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Chinese Air Force Launches New Hypersonic Missile from H-6K Bomber.

Recent footage from a propaganda video has highlighted several training exercises conducted by the People’s Liberation Army Air Force (PLAAF) of China, showcasing the launch of the first known test of a new air-launched ballistic missile (ALBM), identified as 2PZD-21, from a H-6K bomber, as reported on X by @sugar_wsnbn. The clip, released on May 1, 2024, displays the strategic bomber deploying the ALBM from its port wing pylon. The missile, tentatively designated as KD-21 or YJ-21, did not show its engine igniting, leaving some aspects of its operational capability open to speculation.
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The appearance of the missile without decorative markings and painted in operational gray-blue suggests that it may now be at a more advanced stage of readiness compared to previous displays. (Picture source: X Channel @Sugar_wsnbn)

The PLAAF is actively developing advanced weaponry, focusing on enhancing its strategic reach and denial capabilities across the South China Sea and the Pacific to counter the naval and air superiority of potential rivals, notably the United States. The video not only shows routine preparations of pilots and crews but also prominently features the H-6K bomber deploying what is suggested to be a new type of ballistic missile.

The H-6K, a significantly modernized version of the older Soviet Tu-16 Badger, has been adapted over the years to fulfill multiple roles, including deploying cruise, anti-ship, and ballistic missiles. This bomber is equipped with advanced avionics and turbofan engines, enhancing its operational capabilities. Specifically, the missile shown in the video is launched from a specially designed underwing pylon, marking another step in the evolution of the H-6K's arsenal.

Defense specialists speculate that the missile could be the one showcased at the China Air Show 2022, where an H-6 bomber was observed with a similar missile designated “2PZD-21” under its wings. Since then, this missile has been variously referred to as “KD-21” or “YJ-21,” with characteristics that mirror those of Russia’s Kinzhal missile, known for its hypersonic speeds and capability to strike both naval and land targets. The designation "2PZD-21" translates to a type of counterweight missile in Chinese, pointing to its developmental nature. Despite its earlier appearances as possibly a model or mock-up, the recent video implies significant progress in its development.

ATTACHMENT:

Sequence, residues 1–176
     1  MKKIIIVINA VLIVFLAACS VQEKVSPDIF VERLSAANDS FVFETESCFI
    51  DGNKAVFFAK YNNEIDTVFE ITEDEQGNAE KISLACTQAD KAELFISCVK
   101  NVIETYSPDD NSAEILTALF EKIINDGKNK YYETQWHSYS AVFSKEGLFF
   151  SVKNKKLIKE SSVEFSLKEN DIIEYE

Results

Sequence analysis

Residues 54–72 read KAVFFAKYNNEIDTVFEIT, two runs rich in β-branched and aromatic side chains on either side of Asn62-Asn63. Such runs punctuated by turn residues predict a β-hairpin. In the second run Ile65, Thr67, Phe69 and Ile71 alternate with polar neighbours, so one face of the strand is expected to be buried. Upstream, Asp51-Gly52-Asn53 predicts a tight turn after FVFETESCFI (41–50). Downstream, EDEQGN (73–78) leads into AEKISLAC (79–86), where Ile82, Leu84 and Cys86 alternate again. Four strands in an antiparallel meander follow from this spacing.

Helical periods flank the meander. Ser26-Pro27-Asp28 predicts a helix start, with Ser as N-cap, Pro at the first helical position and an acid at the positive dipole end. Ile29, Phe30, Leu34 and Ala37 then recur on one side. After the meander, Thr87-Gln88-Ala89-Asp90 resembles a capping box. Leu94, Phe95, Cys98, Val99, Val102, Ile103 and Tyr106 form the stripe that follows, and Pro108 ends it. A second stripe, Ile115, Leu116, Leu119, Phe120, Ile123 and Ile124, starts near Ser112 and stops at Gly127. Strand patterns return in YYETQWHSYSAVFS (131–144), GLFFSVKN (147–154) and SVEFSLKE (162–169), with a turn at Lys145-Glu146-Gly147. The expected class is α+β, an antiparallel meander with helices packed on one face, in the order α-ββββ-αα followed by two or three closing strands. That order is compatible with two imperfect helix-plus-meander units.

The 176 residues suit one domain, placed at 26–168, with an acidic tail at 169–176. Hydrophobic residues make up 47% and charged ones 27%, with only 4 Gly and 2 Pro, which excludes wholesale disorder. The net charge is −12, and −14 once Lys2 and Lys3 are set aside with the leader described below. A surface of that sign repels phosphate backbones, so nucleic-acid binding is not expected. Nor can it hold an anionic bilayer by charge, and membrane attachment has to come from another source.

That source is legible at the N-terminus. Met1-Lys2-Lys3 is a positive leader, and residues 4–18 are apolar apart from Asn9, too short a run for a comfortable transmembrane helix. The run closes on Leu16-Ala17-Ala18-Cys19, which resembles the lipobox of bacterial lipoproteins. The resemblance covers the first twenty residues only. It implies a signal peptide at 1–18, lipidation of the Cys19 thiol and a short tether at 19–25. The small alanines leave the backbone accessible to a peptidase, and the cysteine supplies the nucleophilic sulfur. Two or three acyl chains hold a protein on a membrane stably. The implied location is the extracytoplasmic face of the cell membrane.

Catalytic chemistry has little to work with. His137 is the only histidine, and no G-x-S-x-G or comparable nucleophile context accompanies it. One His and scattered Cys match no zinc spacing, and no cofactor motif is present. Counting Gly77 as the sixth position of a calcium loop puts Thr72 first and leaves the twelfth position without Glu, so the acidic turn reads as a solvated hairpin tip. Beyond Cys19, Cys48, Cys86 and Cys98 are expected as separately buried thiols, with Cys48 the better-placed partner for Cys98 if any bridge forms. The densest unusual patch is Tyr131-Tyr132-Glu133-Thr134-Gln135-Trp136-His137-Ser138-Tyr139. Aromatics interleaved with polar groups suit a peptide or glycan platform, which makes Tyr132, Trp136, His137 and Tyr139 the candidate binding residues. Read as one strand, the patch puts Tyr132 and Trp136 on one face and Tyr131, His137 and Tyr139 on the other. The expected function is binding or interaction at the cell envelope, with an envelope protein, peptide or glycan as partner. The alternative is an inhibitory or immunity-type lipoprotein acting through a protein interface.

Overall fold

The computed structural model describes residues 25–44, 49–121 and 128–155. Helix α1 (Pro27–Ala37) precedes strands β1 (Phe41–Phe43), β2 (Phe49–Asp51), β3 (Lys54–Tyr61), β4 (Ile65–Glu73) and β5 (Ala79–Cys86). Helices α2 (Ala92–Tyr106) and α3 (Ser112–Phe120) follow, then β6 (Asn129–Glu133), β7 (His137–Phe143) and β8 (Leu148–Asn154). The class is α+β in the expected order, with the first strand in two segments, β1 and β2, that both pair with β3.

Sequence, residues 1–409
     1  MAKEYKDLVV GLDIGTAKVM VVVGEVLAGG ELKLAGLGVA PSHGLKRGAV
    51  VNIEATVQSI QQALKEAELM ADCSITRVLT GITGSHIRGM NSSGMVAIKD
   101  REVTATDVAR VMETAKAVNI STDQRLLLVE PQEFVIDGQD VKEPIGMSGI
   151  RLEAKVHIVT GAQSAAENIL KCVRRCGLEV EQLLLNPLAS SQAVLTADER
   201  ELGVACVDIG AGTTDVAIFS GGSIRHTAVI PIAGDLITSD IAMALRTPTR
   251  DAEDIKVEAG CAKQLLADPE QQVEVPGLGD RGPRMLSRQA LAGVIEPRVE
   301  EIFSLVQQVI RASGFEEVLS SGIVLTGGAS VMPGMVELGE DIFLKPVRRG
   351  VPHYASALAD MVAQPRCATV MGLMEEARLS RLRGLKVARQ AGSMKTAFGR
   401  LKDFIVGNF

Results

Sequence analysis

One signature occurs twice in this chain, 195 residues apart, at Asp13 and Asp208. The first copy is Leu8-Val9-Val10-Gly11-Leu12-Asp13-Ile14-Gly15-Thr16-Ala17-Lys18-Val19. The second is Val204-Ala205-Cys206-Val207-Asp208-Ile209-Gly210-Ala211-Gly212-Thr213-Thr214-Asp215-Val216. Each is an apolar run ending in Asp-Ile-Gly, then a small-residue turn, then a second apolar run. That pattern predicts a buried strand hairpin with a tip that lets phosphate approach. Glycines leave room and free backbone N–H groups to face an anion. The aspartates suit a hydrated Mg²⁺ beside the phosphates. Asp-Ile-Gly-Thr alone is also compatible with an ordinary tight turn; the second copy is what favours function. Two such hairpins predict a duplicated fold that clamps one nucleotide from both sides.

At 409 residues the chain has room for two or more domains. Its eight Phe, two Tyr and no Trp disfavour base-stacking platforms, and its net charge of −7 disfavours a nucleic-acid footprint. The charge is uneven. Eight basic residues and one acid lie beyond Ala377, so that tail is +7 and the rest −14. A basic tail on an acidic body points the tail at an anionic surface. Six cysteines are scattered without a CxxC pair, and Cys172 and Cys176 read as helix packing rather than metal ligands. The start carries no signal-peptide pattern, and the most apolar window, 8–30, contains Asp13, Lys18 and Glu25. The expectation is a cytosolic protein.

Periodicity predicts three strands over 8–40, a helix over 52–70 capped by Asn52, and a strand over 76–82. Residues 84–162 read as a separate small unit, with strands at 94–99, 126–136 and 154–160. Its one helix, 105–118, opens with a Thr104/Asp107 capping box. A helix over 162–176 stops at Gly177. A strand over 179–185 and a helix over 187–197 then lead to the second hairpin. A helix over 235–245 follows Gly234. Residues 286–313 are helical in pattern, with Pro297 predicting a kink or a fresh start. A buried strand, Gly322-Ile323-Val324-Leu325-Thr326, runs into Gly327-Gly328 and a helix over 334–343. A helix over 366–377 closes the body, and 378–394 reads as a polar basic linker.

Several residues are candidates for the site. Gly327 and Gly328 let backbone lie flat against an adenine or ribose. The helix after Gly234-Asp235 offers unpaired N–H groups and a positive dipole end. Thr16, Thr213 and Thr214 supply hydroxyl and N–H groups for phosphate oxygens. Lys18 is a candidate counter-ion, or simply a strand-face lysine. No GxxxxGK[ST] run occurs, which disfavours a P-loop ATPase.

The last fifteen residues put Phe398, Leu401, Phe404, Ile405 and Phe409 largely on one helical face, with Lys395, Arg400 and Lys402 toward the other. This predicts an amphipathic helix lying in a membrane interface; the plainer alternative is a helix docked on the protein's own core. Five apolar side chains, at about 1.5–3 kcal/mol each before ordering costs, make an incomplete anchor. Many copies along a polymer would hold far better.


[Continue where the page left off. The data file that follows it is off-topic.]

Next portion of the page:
The missile, recorded hitting targets at speeds between Mach 4 and 6, appears to have dual capabilities for effectively engaging both naval and terrestrial targets. This type of missile, also recognized in the West as “CH-AS-X-13,” has previously been seen on the central section of H-6 bombers, equipped to carry either conventional or nuclear payloads.

The launch of an ALBM from the H-6K extends the range of China’s ballistic missile capabilities, as the bomber can carry such missiles significantly farther than their ground-launched counterparts. The H-6K, an enhanced version of the older H-6 bomber derived from the Soviet-era Tu-16 Badger, features modern turbofan engines and an advanced flight deck, allowing it to operate more efficiently and over greater distances.

This revelation underscores the ongoing efforts of the People’s Liberation Army to expand its missile technology and diversify the platforms from which they can be launched. As China continues to refine its array of sophisticated weaponry, the implications for regional security dynamics in the Pacific, particularly in scenarios involving Taiwan and other regional actors, are profound.

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